January 7, 2013
The manoeuvring between West and East was common Ukraine’s business for many years. So called “multi-vectorial foreign policy” meant to keep distance from Russia and to speak about European integration as top priority for the country.
Practically, Ukraine did not make a choice yet. Country was indeed avoiding both integration processes led by Russia and reforms needed for real, not declarative European integration.
Seems in 2013 Ukraine will be forced to make a choice. It will be very difficult or even impossible to continue the game.
Russia pushes hard president Victor Yanukovych to drive Ukraine into its Customs union – an element of wider Russia initiated process aimed to creation of the Eurasian Union. Kremlin does not demand democracy in Ukraine, promises cheap gas for the participation in the Customs union and threatens with restriction of Ukrainian export if not. All these things are highly sensible for Ukrainian political elite and oligarchs: they need cheap gas, want sell more production of their plants to Russia and do not like democracy. However joining the Customs union will mean loss the significant part of Ukraine’s economic sovereignity, what is also considerable threat for Yanukovych and his surroundings. Certainly, participation in Russia’s block will make impossible signing the Association agreement with the EU.
On the contrary, for Ukraine signing the Association agreement would be an insurance against coming back under Russia’s sphere of influence. Also the agreement could be an instrument for Ukraine’s modernization and deep economic integration into EU’s single market. However, seems that window of opportunities for this can close this year – the agreement will not lie on the table forever. Indicative deadline for “to be or not to be” is November, when next Eastern Partnership summit will take place. Yanukovych should carry out a number of conditions, specified by the EU Council on December, 2012, and mostly relative to democratization of Ukraine. So far there are not any indications of Yanukovych’s rediness to fulfill the conditions.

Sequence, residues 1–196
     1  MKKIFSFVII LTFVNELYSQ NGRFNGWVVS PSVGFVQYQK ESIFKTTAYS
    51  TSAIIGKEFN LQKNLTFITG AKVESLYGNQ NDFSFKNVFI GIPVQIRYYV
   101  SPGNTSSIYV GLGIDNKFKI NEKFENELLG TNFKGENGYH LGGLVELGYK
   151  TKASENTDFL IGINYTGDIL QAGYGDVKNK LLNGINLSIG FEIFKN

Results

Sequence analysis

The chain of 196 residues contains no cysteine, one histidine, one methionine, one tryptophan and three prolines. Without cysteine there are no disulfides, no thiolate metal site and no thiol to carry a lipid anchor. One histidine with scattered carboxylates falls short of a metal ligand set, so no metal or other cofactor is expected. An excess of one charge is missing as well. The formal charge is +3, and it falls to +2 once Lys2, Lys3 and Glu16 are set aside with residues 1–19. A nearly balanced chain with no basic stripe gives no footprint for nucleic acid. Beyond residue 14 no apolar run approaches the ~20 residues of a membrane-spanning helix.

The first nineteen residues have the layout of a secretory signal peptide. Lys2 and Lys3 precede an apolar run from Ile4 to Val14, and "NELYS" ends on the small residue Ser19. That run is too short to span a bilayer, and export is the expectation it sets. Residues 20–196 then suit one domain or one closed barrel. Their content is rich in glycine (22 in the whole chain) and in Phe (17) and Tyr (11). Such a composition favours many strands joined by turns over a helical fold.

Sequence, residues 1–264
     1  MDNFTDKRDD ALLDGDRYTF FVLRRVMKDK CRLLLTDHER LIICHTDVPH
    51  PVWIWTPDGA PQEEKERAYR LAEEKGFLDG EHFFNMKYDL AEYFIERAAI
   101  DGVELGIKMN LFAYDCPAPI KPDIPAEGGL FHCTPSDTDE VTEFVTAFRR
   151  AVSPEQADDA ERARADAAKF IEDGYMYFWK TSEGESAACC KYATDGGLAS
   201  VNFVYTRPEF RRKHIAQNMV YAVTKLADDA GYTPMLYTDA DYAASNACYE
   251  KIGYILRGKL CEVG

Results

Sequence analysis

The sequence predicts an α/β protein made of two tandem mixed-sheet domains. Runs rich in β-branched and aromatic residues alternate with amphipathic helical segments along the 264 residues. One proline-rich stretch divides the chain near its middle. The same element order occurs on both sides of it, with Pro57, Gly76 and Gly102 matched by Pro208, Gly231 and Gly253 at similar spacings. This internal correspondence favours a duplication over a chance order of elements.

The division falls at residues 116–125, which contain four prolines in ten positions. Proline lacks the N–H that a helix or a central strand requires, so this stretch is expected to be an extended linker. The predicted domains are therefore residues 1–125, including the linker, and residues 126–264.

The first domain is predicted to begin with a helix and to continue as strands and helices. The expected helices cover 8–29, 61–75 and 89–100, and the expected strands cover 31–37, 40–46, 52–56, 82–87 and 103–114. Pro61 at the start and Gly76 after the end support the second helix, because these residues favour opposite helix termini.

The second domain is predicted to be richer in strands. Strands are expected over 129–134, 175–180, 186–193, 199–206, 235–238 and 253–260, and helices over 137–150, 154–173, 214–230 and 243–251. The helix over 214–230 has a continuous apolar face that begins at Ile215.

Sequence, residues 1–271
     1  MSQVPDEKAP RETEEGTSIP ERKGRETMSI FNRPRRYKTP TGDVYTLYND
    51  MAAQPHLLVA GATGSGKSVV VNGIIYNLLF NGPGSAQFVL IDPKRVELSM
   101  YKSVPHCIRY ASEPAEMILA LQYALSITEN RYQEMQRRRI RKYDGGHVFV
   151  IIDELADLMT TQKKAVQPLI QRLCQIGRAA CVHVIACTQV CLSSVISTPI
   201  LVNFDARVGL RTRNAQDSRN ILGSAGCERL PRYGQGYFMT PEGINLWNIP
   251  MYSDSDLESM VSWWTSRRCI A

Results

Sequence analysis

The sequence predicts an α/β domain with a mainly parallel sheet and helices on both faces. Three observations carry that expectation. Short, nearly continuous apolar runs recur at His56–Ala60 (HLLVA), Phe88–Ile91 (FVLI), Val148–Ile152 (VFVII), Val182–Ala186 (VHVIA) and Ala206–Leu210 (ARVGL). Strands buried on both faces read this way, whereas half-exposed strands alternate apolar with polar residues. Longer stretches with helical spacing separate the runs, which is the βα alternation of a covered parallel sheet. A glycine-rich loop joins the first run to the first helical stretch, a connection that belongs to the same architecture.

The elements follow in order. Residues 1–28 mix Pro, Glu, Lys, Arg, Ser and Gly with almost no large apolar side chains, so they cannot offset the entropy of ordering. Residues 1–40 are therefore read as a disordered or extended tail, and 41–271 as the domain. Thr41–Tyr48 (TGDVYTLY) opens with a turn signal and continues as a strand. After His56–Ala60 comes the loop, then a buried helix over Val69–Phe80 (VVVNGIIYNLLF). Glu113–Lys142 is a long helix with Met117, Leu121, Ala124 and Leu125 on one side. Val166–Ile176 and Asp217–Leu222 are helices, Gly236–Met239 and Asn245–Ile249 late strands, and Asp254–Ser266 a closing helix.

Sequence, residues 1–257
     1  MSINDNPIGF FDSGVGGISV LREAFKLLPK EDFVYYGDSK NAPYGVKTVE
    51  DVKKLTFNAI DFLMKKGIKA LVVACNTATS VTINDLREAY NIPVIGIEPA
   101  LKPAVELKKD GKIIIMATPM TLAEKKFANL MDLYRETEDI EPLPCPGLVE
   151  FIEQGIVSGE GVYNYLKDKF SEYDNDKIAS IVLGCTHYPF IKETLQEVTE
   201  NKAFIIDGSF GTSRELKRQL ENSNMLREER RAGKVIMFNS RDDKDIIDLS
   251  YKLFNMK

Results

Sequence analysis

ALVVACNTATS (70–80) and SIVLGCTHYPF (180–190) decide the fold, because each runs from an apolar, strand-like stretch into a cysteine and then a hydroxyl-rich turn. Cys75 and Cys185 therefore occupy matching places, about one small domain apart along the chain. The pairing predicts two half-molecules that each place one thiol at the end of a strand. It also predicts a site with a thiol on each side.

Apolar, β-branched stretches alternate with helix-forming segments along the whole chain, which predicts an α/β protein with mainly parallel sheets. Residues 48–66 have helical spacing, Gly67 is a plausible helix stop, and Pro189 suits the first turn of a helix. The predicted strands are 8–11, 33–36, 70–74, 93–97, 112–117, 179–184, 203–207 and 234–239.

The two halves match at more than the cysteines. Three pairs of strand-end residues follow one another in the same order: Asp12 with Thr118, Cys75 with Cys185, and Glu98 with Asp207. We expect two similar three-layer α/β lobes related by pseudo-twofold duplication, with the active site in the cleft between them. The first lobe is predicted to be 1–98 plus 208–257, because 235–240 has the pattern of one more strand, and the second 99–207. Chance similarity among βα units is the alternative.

Meanwhile, last polls show that Ukrainians mostly support rapprochement with the EU – 52% for joining the Union, although a big part of the population is continuing to dream about “new USSR”.
Besides of public opinion there are many legislative obstacles, in particular Constitutional, to bring Ukraine again under Russia’s control. True, current Ukrainian leadership is extremely skilled in various tricks and passing over the law. In any case looks that the situation with Ukraine’s choice 2013 will be more-less clear within next three-four months. Officially for the time being Ukrainian leadership is looking for the possibility to cooperate with Customs union without joining it. But everything remains highly opaque and unpredictable.